Sitting at my desk in the middle of summer, I find myself remembering my best day on skis last winter: January 25, Copper Mountain. Twenty men and women plan to ski 66,000 vertical feet in one day. I am one of them. I haven't skied 66,000 vertical all season, and I'm not sure I can today. I wonder, will I wuss out before completing 30 runs on Copper's new high-speed six-seater? Will l fall and rip my fragile body to pieces? And most important, will I suffer the ultimate embarrassment of bringing up the rear? Some members of the group are veterans of the 24 Hours of Aspen. I haven't skied flat-out fast since racing downhills in high school.
We catch the chair at 8 a.m. As we approach the top terminal, the first skiers are already tucking and gaining speed. Our group skates away from the lift and tucks down the first pitch. No turns. So far, so good. We accelerate down the next pitch, gaining serious speed. Still no turns. Adrenaline has jolted my body to full alert, and reason is screaming danger. At around 50 miles per hour, my anxiety spikes, and I arc a few turns to control my speed.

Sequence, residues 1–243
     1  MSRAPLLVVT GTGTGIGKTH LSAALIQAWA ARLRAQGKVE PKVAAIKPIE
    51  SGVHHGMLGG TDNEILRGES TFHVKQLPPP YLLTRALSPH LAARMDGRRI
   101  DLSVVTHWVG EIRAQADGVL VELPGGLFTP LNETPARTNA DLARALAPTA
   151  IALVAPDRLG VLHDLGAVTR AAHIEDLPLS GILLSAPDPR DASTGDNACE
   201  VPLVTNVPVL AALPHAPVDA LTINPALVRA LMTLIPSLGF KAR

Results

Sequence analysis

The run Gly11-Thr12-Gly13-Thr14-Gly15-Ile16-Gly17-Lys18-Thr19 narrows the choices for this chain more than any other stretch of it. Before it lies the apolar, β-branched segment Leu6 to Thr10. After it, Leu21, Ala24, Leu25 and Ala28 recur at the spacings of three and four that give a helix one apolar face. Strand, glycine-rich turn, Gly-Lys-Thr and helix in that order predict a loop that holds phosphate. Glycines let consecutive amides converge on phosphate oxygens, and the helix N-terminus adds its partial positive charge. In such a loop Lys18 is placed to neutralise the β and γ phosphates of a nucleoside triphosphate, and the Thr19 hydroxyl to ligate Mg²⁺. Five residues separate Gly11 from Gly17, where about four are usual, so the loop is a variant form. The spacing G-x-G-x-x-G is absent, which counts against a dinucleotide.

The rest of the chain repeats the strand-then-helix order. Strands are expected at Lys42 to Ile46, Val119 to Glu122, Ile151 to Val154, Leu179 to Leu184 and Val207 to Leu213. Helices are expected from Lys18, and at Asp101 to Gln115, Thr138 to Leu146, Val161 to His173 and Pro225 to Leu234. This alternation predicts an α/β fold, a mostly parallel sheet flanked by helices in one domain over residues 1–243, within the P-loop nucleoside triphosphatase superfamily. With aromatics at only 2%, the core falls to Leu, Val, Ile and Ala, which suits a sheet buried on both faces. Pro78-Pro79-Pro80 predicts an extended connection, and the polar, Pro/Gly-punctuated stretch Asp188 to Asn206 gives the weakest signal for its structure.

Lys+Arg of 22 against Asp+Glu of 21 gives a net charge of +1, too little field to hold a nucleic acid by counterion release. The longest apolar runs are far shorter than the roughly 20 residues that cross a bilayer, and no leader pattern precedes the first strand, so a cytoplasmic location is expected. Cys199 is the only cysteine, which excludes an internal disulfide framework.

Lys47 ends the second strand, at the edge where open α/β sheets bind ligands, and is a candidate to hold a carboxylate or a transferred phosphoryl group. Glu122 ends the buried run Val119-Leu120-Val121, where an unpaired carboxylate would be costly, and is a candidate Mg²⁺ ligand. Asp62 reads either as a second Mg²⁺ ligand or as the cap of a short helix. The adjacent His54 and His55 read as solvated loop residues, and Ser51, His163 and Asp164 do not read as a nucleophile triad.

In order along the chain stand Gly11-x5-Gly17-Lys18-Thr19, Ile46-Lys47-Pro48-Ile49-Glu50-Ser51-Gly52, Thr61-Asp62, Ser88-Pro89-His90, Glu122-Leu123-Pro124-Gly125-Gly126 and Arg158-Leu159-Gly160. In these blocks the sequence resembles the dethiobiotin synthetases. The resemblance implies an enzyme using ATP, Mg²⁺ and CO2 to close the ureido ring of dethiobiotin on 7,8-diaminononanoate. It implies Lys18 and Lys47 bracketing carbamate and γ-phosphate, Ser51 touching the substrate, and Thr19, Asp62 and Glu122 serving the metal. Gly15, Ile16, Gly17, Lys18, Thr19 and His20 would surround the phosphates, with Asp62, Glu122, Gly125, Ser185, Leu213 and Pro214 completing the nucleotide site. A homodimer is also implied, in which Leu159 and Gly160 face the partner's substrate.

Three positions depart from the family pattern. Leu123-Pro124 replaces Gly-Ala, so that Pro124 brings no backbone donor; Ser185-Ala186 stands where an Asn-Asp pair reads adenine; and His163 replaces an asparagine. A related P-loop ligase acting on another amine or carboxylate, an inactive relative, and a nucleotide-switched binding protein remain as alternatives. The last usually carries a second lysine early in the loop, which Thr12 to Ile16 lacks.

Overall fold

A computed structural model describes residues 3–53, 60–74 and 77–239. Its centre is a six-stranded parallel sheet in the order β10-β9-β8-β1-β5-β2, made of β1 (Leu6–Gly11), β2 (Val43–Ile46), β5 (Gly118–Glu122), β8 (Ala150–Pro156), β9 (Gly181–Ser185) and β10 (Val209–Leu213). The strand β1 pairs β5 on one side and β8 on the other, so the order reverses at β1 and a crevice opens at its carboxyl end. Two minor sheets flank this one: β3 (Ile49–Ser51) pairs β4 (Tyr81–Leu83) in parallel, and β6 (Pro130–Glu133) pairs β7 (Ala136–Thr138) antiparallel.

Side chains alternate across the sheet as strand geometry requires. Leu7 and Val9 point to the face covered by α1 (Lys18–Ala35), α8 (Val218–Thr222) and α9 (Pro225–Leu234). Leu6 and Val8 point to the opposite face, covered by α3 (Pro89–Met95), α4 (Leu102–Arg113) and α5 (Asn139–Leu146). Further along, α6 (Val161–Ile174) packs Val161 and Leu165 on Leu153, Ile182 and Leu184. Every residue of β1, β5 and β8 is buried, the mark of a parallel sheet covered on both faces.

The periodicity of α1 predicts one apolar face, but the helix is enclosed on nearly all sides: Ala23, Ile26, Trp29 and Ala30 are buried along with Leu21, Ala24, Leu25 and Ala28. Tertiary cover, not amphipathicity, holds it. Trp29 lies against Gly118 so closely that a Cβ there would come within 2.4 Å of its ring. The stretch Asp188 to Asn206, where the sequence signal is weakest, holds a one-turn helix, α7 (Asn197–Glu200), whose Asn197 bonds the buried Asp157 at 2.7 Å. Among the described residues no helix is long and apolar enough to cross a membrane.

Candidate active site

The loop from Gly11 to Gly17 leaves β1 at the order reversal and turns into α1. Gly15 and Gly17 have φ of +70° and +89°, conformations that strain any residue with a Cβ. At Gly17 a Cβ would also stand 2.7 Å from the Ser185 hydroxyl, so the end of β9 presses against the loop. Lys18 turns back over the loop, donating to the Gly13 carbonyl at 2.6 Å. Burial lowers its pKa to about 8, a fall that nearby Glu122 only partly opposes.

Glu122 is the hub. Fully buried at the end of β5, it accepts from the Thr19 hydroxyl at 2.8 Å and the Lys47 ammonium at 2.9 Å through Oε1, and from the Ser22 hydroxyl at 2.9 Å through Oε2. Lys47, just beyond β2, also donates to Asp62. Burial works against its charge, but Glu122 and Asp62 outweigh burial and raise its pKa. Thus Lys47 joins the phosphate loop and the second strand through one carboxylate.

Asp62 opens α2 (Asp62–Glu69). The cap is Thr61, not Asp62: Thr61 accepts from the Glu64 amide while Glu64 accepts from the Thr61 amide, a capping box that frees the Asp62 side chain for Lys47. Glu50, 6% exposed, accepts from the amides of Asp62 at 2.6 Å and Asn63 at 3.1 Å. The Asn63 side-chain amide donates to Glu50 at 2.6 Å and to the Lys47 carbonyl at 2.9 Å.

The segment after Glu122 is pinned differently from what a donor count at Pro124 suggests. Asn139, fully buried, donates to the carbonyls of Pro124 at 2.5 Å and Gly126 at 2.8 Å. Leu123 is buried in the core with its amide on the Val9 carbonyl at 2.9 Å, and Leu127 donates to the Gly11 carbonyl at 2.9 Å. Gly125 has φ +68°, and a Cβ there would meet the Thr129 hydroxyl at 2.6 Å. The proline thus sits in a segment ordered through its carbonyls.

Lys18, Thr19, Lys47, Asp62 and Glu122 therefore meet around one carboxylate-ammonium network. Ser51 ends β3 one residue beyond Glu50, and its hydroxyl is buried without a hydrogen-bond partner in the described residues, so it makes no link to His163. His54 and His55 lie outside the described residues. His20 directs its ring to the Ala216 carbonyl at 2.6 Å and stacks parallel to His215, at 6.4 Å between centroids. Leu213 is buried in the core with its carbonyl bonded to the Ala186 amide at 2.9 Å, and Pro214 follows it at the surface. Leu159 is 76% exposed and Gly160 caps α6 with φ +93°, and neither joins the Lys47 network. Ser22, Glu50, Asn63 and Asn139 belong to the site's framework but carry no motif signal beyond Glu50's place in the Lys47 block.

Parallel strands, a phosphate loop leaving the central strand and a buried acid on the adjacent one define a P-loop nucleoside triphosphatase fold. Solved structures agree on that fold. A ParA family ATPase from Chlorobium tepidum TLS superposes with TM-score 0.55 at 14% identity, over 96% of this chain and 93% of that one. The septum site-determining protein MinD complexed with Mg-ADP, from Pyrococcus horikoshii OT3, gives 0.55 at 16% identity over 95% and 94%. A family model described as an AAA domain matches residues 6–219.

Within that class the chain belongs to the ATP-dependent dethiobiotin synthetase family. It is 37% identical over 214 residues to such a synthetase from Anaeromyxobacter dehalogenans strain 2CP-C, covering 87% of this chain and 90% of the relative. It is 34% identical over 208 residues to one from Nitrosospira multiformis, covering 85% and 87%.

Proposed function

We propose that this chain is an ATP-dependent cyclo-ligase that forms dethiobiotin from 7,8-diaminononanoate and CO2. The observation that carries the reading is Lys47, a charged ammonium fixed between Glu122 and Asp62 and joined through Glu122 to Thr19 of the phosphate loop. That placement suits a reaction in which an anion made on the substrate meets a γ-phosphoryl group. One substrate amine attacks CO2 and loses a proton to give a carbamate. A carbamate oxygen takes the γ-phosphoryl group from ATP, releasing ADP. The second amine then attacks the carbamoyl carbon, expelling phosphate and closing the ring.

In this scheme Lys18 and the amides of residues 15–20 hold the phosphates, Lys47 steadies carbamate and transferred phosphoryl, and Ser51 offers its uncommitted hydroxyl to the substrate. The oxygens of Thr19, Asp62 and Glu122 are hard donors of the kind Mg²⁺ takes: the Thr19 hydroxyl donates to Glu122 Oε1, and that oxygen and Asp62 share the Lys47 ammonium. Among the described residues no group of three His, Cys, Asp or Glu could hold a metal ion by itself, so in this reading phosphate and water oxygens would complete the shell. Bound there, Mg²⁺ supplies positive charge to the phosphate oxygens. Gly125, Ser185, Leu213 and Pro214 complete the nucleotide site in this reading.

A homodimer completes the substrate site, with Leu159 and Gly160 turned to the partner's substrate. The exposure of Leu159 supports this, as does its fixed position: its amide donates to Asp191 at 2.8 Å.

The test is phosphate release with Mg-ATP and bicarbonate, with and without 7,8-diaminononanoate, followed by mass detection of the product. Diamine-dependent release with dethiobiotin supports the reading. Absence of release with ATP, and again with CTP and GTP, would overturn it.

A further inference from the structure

But turning, I discover, takes more effort than not turning. Even on this first run, my thighs begin to burn. Worse, my liftmates are growing smaller in the distance. I can either wimp out or go faster and catch up. I can stand pain much more easily than humiliation, so I put my skis in the fall line and pray. I feel like I'm free-falling, the wind pressing against me, howling in my ears. I am way outside my comfort zone. Then my speed peaks. I have an epiphany: I can handle this! I rocket into the lift maze, charged with excitement and relief.
For the next six hours, I give in to the sheer thrill of speed. I complete the 30 runs just after two o'clock. I am not injured. I am not dead last. And since that day, I have not gone a week without dreaming of doing it again, faster. This winter, for sure. a